POWELL: The worst one that I remember was at the beginning of the second Gulf War, the beginning of the war in Iraq, when one of our helicopters came down. Actually, even slightly before the war itself had started ? the evening before it was going to start ? and a number of our servicemen died. So I had to call him and tell him about that. That was very a grim moment, and one that ? when those sort of things invade your bedroom, you're laying fast asleep and suddenly the phone goes and then next thing you know, there's a duty officer from the field, from the military, telling you these things have happened ? then it really gets into your soul.
LYNCH: Now, as part of your program, you also interviewed former White House Chief of Staff Andy Card. And he tells a story of having to wake up President George W. Bush.
POWELL: When we traveled on the road, it was not unusual for me to go to the door myself, with the Secret Service Agents standing right there, and knock on the door and then walk in and wake him up. I remember waking up the President and Laura Bush when we were in Paris; it was when Ronald Reagan had died. And I knew that he had, or would want to make a statement for consumption on the American morning television shows, so I walked into the bedroom. They were both very much asleep, and I had to shake the President to wake him up, and then Laura woke up first and said, ?What are you doing here??
LYNCH: Sometimes its not just about breaking news, it's also a necessity for a leader to take a decision or to have a debate with you in these circumstances about what to do. Can you give me any examples of an occasion like that?
POWELL: Well, that's usually in a negotiation. I mean, for example, in Northern Ireland, as you know, we had 10 years of tense negotiation to bring peace to Northern Ireland. And sometimes I would be negotiating over in Belfast very late at night, 2 or 3 in the morning, and not often but occasionally I would have to call Tony Blair up and get him out of bed and say, ?Look. I've got to decide this way or that way. Which way do you want me to go?? And those sort of reasons, I think, are good case, I think, of waking a Prime Minister or President up. Just waking up a Prime minister or President up to say you've done so strikes me as pretty crazy. But when they have to make a decision, then that's something that has to be done even if it is the middle of the night, because they're the decision maker in the end.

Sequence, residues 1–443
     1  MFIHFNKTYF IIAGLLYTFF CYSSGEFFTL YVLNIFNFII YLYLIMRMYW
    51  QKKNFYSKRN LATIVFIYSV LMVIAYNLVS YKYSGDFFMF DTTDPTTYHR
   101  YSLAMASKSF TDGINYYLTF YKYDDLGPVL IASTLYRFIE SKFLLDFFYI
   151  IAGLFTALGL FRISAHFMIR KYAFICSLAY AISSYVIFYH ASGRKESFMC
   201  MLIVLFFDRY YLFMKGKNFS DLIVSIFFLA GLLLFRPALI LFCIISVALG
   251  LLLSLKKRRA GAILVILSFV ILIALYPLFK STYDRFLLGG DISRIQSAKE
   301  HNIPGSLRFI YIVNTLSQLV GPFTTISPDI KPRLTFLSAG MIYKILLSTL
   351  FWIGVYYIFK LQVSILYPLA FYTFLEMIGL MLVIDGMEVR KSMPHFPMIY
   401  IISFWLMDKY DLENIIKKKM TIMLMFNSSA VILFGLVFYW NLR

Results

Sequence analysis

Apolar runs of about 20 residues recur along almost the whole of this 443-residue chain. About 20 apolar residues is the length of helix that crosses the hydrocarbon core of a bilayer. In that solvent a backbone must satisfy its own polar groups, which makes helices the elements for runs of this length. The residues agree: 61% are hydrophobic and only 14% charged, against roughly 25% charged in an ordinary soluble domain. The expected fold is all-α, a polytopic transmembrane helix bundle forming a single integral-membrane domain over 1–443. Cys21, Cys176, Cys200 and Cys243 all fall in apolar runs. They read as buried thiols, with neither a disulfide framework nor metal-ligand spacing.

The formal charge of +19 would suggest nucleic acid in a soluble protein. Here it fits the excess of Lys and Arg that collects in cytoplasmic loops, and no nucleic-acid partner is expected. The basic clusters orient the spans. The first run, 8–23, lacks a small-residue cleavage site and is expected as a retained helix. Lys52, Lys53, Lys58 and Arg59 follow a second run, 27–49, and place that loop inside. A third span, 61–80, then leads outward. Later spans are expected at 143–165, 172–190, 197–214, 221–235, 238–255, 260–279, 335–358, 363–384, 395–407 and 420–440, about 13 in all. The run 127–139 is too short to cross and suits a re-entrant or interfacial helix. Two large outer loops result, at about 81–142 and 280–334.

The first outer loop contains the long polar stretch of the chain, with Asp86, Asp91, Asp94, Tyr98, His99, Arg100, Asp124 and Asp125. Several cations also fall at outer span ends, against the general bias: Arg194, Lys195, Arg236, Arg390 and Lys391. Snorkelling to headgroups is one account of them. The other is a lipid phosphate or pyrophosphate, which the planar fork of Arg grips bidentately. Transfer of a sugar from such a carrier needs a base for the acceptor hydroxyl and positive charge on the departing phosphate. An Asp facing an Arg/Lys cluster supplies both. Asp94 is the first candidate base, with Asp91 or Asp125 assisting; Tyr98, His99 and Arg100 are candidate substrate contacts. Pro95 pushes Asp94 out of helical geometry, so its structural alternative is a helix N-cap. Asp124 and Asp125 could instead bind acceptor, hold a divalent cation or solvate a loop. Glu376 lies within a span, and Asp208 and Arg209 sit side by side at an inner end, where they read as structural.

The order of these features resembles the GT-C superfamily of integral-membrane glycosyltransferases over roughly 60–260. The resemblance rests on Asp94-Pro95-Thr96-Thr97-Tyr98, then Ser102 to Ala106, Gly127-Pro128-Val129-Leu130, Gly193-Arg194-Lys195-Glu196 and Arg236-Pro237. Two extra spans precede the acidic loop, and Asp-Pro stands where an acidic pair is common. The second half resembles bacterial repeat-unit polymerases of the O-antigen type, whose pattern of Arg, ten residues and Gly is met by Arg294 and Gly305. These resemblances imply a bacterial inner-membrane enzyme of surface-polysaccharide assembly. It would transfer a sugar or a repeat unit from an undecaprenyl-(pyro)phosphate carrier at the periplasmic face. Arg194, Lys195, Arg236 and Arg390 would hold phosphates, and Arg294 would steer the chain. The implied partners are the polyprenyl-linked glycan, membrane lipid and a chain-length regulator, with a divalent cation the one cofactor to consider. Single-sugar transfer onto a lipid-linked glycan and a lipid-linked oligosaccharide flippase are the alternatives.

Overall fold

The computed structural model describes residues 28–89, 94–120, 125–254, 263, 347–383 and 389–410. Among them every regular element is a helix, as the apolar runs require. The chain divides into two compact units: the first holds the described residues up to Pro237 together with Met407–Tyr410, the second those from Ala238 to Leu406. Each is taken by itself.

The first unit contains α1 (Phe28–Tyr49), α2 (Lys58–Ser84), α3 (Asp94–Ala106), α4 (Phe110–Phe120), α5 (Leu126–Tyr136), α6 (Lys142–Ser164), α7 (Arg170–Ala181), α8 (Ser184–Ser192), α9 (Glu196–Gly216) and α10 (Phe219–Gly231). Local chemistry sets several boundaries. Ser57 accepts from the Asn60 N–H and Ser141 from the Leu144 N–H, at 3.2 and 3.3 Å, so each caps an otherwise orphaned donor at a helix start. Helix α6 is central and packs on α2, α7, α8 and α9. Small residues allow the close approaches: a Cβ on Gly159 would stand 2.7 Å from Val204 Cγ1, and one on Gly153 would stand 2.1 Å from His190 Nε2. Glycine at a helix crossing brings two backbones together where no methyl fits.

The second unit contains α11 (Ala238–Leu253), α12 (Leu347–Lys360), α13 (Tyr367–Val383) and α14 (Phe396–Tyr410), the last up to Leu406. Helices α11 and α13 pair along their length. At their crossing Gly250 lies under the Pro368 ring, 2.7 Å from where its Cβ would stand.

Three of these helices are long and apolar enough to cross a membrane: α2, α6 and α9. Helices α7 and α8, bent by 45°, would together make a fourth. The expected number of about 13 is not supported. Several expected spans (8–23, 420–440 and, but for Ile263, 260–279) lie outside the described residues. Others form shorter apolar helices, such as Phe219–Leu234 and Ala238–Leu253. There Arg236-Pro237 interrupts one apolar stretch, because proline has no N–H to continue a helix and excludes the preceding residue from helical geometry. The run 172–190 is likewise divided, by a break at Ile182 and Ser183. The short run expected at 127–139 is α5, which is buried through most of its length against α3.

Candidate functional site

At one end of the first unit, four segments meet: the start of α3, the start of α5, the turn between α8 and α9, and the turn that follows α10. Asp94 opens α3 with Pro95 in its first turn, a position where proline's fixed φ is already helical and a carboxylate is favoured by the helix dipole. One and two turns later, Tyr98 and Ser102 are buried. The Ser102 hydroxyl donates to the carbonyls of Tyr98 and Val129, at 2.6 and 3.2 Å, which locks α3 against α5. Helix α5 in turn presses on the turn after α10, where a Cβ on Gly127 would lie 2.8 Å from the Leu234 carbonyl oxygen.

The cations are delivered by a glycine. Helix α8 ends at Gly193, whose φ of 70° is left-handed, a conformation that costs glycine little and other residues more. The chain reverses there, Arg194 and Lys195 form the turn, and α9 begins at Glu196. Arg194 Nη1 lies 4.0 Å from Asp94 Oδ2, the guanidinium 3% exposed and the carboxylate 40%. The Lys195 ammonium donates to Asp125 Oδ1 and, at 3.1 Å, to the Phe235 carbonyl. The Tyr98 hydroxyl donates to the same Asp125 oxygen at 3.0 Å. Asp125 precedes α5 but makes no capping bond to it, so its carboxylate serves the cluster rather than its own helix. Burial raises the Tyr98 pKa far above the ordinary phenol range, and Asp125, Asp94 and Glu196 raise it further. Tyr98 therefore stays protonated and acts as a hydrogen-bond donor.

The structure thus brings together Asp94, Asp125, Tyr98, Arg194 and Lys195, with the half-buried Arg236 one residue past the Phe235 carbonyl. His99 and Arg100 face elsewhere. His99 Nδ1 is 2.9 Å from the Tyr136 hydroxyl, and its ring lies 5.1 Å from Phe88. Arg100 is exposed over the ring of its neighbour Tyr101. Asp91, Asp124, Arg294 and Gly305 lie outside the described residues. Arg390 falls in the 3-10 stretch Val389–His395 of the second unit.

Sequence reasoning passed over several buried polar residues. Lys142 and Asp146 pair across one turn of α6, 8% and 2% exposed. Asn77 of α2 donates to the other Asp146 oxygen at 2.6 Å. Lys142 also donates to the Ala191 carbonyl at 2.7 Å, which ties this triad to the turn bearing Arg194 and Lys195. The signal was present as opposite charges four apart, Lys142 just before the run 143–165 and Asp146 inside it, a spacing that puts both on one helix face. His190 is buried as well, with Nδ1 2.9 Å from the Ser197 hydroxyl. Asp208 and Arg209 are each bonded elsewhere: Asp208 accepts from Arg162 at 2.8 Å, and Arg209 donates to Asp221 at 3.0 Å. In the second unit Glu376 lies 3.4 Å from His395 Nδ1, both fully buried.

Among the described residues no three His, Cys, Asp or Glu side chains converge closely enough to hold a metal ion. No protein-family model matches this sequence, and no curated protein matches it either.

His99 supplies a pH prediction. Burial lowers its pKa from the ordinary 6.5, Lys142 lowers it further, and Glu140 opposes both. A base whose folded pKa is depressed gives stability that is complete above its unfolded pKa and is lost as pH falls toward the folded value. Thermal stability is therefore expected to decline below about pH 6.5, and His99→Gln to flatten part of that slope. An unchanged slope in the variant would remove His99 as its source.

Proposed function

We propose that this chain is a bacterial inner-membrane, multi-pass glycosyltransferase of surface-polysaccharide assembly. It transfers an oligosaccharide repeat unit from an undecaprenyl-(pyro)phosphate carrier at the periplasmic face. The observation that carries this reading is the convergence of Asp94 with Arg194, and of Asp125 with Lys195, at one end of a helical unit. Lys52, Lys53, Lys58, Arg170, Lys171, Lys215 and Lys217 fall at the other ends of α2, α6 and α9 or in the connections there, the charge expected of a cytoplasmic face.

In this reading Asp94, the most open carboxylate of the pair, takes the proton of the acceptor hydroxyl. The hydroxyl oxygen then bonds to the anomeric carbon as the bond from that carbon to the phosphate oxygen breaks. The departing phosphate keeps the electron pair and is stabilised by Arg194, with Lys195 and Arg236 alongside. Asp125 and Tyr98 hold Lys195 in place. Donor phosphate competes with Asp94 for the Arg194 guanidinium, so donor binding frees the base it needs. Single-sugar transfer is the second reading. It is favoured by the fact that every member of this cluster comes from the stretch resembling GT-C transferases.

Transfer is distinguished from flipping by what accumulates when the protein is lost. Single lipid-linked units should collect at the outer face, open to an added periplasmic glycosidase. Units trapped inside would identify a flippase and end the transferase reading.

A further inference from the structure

LYNCH: Are there ever times when you decided not to wake up the prime minister?
POWELL: Yes. There was one occasion when the (Inaudible) in the pool was blown up, I remember. And I was called by the foreign office, and they say, ?We really think you should wake the Prime Minister for this.? And I did argue. I said, ?That doesn't make any sense. We don't need to tell him this. He can wait til next morning. What decision does he make?? So sometimes you can be asked to wake the Prime Minister and it really isn't necessary. And generally speaking, I think the lesson I've drawn from my 10 years in government and the experiences of other people I've talked to, particularly in the White House, is if at all you can, you should let sleeping politicians lie.
LYNCH: Jonathan Powell is the former chief of staff to Tony Blair. Thanks for speaking with us.